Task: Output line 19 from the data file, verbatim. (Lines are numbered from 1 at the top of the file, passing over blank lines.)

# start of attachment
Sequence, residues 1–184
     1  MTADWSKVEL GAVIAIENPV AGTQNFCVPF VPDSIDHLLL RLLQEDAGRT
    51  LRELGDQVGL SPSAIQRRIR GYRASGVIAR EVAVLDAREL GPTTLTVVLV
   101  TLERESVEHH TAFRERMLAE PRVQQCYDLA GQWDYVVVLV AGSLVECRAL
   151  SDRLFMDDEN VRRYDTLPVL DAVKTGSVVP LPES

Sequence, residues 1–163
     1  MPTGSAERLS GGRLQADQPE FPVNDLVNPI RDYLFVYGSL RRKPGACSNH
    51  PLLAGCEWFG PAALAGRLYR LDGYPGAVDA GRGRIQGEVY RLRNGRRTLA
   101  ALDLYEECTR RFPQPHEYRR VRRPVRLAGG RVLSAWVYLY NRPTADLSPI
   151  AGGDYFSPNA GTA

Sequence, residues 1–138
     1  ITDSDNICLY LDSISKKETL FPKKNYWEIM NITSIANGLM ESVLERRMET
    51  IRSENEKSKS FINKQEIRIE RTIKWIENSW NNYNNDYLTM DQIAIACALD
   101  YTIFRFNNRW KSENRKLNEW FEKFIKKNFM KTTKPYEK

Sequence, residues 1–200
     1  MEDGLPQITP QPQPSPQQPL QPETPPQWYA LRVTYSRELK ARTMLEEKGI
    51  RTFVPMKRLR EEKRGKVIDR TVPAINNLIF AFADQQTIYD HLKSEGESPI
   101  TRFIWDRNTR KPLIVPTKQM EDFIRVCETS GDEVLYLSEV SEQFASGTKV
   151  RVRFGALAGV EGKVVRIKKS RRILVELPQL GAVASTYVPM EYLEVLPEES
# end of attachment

   151  RVRFGALAGV EGKVVRIKKS RRILVELPQL GAVASTYVPM EYLEVLPEES